This section on emerging evidence will provide you with examples of less-common approaches used to assess the effectiveness of culture-centered practices for underserved populations. The process of building evidence for complex field-driven practice, where culture is a key factor of influence, requires a different approach to evidence.
Emerging evidence is defined as
Information about intervention outcomes gathered in the field, using a wide range of participatory action research methods including ethnography, systematic observation, and quasi-experimental designs that do not depend on comparison groups. Emerging evidence typically excludes evidence derived from randomized control trials.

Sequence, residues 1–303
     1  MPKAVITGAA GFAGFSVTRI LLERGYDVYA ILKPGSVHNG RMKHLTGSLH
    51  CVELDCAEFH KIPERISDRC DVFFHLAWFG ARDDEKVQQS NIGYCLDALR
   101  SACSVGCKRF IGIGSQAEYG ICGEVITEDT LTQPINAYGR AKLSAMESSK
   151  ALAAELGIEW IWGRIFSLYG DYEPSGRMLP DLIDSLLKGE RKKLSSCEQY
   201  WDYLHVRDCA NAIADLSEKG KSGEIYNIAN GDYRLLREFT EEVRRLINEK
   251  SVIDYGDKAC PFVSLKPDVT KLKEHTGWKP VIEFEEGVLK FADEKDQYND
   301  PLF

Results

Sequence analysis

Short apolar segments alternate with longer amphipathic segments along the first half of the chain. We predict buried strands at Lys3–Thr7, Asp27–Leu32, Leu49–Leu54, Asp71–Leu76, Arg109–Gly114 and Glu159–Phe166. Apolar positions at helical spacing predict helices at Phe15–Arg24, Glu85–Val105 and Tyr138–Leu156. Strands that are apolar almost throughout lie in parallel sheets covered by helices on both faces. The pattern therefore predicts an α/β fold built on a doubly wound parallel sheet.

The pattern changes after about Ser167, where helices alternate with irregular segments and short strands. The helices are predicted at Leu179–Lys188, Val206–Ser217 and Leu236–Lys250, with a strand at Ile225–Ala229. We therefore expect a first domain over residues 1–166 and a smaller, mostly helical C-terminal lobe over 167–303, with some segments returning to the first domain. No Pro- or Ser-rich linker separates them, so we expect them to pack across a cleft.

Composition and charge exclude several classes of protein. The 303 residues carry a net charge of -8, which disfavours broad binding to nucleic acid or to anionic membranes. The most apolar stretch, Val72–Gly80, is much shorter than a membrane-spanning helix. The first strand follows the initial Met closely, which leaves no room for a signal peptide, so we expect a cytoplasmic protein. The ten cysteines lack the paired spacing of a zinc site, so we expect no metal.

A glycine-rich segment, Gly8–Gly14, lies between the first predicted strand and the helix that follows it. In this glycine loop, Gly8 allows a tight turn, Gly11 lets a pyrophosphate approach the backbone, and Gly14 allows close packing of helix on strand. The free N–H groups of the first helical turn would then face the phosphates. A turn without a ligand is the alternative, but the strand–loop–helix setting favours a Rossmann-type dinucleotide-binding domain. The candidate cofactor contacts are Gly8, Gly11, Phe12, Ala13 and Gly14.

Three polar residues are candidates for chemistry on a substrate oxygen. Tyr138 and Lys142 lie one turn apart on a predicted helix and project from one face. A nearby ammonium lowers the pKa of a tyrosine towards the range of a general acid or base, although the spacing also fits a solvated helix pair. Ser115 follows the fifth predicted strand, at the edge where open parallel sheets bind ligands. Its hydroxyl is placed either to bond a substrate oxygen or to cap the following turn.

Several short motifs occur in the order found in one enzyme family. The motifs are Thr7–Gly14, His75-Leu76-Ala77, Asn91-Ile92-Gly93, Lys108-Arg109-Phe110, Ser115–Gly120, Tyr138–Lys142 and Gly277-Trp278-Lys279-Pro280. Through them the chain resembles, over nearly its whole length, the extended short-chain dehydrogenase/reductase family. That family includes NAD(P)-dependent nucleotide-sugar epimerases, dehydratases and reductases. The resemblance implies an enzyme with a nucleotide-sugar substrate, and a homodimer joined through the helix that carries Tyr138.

Culture-centered practices are defined as
Practices that are informed and guided by the social structures and cultural beliefs of the population of focus.
Examining the therapeutic benefits of culture-centered practices within the cultural context of underserved populations requires the use of emerging evidence methods that consider external validity and variations on context.
The evidence from these examples reveals how culture-centered practices are effective in real-world community settings. Using video discussion and case studies, the Emerging Evidence section supports the NREPP registry by encouraging the mutual discovery of emerging evidence-building approaches for underserved populations among communities, practitioners, and researchers.